Spiritual Generosity: Praying for Others

God loves a cheerful giver (2 Cor 9:7).  There are many ways that we can be generous with one another; for example, we can share our time, talent, and treasure in such a way that it benefits not just ourselves and our families, but also our friends and the other members of our community.  We can also be generous in the way that we interact with people we meet each day by offering them kindness and a smile, even when it is difficult to do so.  Finally, and most importantly, we can be spiritually generous by offering prayers for one another.

Prayer on behalf of another person is called intercession.  The Catechism of the Catholic Church says, “Prayer of intercession consists in asking on behalf of another. It knows no boundaries and extends to one’s enemies” (CCC 2647).  Intercession is distinct from other kinds of prayer, which include petition (asking for our own needs), blessing and adoration, thanksgiving, and praise.

In the Sermon on the Mount, Jesus says, “Love your enemies, and pray for those who persecute you” (Mt 5:44).  This means that as Christians, followers of Christ, we are called upon to intercede even for those people who treat us very badly.  Jesus himself provides an amazing example of this when, dying on the cross, he cries out for God to forgive those who have crucified him, saying, “They know not what they do.”  Praying for people we do not like or are angry with can take great humility, because it requires forgiveness in order to be sincere.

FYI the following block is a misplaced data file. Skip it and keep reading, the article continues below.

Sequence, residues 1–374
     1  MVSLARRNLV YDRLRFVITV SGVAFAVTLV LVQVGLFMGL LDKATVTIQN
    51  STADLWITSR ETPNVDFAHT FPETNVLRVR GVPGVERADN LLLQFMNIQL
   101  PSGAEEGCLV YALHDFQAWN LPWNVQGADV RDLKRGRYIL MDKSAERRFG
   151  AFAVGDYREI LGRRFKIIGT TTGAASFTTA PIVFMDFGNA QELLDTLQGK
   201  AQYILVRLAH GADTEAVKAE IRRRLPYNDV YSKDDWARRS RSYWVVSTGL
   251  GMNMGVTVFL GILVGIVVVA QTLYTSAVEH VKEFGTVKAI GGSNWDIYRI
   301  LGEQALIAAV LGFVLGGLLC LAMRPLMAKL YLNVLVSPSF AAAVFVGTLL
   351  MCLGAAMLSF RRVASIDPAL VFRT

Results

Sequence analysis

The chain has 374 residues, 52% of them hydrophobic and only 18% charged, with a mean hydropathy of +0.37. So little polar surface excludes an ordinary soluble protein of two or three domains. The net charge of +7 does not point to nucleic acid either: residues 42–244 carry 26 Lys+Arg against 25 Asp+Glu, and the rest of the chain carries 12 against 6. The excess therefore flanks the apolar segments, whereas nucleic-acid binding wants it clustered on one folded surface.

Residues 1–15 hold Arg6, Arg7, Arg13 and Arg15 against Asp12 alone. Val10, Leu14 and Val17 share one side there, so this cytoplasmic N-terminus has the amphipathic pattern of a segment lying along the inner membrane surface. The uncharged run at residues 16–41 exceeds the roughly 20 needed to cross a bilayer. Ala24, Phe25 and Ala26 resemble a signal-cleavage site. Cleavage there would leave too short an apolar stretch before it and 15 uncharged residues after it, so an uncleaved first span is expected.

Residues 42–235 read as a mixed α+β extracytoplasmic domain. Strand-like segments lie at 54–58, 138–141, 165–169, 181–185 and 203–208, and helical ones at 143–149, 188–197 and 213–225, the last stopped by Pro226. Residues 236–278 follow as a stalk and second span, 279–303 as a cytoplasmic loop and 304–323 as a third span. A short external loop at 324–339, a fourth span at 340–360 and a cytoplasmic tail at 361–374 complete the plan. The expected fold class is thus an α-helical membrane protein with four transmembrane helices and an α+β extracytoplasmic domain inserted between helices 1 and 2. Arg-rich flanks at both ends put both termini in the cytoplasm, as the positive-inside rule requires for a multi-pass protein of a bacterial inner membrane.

While it is important to pray even for our enemies, more often we find ourselves in an opportunity to pray for our friends.  You should never be afraid to ask for prayers, nor to commit to praying for someone.  You can fulfill your commitment right away by offering a short mental prayer for them, but it is better if you can write down that person’s name – perhaps on a weekly prayer list that you keep in your pocket or wallet – and be intentional about praying for that person when you say your evening prayers, your daily rosary, etc.

The more prayers you say during the day, the more prayers you can offer up for others!  Don’t worry, you will not lose any graces by praying for others instead of praying for yourself; remember, God loves a cheerful giver!  I once read that Pope Saint John Paul II kept a whole stack of prayer intentions next to his kneeler in his private chapel.  As the Pope, I’m sure he had many people asking for his prayers, and many of his own intentions for the peace and sanctity of the world as well!  We can learn from his example, because he took seriously his obligation as the Holy Father – and as a Christian – to “bear one another’s burdens” (Gal 6:2) through prayer.

As a parishioner at my parish assignment was reminding me in a conversation last weekend, none of us is a Christian alone.  As members of the Mystical Body of Christ (the Church), we have an obligation to support one another spiritually, and this is done primarily through prayer, fasting, and almsgiving.  Do you think you could make a small sacrifice today, or this week, to help a friend in need?  You can offer up any small suffering in your life, such as an illness, or giving up dessert at meals, as a mortification which becomes a prayer you can offer on another person’s behalf.   Maybe you can say an extra rosary this week, or learn another prayer such as the Divine Mercy Chaplet which you can offer as a prayer of intercession for another person you know, or for the holy souls in Purgatory!  You can keep a special intention close to your heart in prayer during the Mass, which is the most powerful prayer of the Church, or even ask your pastor about having Masses said for your intention.  The possibilities are endless!  So remember:  pray at all times; when necessary, write it down.

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